“March 18–24. Matthew 13; Luke 8; 13: ‘Who Hath Ears to Hear, Let Him Hear’” Come, Follow Me—For Primary: New Testament 2019 (2019)
“March 18–24. Matthew 13; Luke 8; 13,” Come, Follow Me—For Primary: 2019
Record Your Impressions
Bring several items that could help the children remember some of the parables in Matthew 13, such as a seed, a pearl, or a treasure box. Invite the children to share what they remember about the parables.
Younger children may not be able to understand all of the symbolism in the parable of the sower, but they can learn the simple gospel truths it teaches. How can you help them better understand how this parable relates to them?
Display different kinds of soil (or pictures of soil) as you summarize Matthew 13:3–8. Give each child a seed to plant in soil. Ask the children what we can do to help our seeds grow. Explain that having faith in Heavenly Father and Jesus Christ is one way we help our testimony “seed” grow.
Use this week’s activity page to help the children understand what each type of soil described in Matthew 13 teaches about our hearts. Ask the children which type of heart Jesus wants them to have in order to learn His teachings.
Read Matthew 13:9, 15, and invite the children to point to different parts of their body when they hear them mentioned. How can we use these body parts to learn the teachings of Jesus?
Some of Jesus’s parables teach that at the last day, God will separate the wicked from the righteous. How can you use the parables to inspire the children to choose the right?
Let the children act out the parable of the wheat and the tares (see Matthew 13:24–30). Explain that the wheat represents people who make righteous choices, and the tares (harmful weeds) represent people who do not. One day, Heavenly Father will gather the righteous people to live with Him.
Tell some simple stories of children making choices. Ask the children to say “wheat choice” when the children in the stories choose the right and “tare choice” when the children make a wrong choice.
Bring pictures of stalks of wheat, and let the children draw on the pictures some ways they can be righteous.
Create a game in which children match details from the parable of the sower with the interpretation in Matthew 13:18–23.
How can you use the imagery of treasure and precious pearls to help the children understand the value of belonging to Christ’s Church?
Hide pictures of a treasure chest and a pearl in the room, and let the children find them. Use the pictures to help you teach about the parables in Matthew 13:44–46. What would the children give to have a beautiful pearl or treasure in a field? Explain that sometimes we give up something good for something better. Tell the children why the gospel is valuable to you.
Place in a box or chest several objects or pictures that represent “treasures” in The Church of Jesus Christ of Latter-day Saints, such as temples or the Book of Mormon. Ask each child to choose an object or picture and talk about why it is a treasure.
Sing together “The Church of Jesus Christ,” Children’s Songbook, 77, and ask the children to listen for blessings that come from being a member of the Church. Testify of the blessings you’ve experienced because of your membership in the Church.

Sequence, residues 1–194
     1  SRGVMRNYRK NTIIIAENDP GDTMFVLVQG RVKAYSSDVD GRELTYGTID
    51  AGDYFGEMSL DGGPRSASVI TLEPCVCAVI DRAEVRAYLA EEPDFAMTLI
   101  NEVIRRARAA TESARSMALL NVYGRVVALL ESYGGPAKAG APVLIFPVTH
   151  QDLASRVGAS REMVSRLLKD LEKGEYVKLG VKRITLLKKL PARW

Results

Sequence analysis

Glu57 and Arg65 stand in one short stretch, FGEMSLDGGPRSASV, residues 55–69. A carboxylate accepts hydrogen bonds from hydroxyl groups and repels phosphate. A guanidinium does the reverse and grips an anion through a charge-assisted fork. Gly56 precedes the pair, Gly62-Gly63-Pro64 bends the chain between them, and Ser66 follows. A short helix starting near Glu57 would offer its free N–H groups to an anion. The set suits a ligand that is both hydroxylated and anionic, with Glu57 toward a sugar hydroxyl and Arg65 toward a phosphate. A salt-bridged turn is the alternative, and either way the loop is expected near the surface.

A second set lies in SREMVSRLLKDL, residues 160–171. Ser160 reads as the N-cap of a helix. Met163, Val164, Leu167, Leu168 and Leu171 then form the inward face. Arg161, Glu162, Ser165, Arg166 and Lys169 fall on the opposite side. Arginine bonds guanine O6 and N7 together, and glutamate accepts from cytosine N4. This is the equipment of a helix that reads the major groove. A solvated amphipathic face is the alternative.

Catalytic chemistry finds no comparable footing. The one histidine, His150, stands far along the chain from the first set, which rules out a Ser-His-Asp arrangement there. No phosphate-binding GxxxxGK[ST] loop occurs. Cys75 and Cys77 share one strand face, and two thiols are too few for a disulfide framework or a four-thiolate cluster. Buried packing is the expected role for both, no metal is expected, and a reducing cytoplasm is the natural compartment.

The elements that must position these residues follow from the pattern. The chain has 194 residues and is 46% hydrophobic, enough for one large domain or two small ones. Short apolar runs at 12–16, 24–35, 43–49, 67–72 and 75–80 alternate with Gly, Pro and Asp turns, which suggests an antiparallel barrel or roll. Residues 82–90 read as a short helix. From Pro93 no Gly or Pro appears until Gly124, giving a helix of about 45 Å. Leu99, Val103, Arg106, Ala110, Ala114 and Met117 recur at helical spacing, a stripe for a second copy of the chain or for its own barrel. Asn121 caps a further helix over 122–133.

How can you help the children recognize the importance of having a soft and willing heart so that Jesus can teach them?
Assign each child to read about one of four types of soil in Matthew 13:4–8. Invite them to look for and share what happens to the seed in the type of soil they read about. How can our hearts be like the different types of soil? (see Matthew 13:19–23).
Give each of the children two seeds, and invite them to plant their seeds in soft soil and in a pile of rocks. Which seed will have a better chance of growing? How can we make sure our hearts are like the soft soil so that we can receive the Savior’s teachings?
Invite the children to read Matthew 13:9–17. Draw an eye, ear, and heart on the board. How do we use each of these body parts to learn the teachings of Jesus?
When you read these verses with the children in mind, what impressions come to you?
Invite the children to draw different scenes from the parable of the wheat and the tares, found in Matthew 13:24–30, and share their drawings with the class. Ask them to label their drawings using the interpretation of the parable found in Matthew 13:36–43. Explain that tares are harmful weeds.
If possible, display a picture of wheat and tares. Explain that the wheat and tares will grow together until the end of the world. This teaches us that we live with both good and evil around us, and we must be careful to choose the right. Ask the children to share how they can tell the difference between good and evil.
Do the children you teach see their membership in the Church as a valuable treasure? Perhaps the parables in Matthew 13:44–46 can help them.
Invite the children to read Matthew 13:44–46 to themselves and share the parables in their own words with another class member.
Cut out several circles to represent coins, and put them in a treasure box. Invite the children to pick a coin and draw or write on it one thing they love about being a member of the Church. Ask the children to share what they put on their coin.
Invite a ward member to share his or her conversion story with the children and tell what he or she sacrificed to join The Church of Jesus Christ of Latter-day Saints.
Invite the children to teach their families about one of the parables they learned in Primary.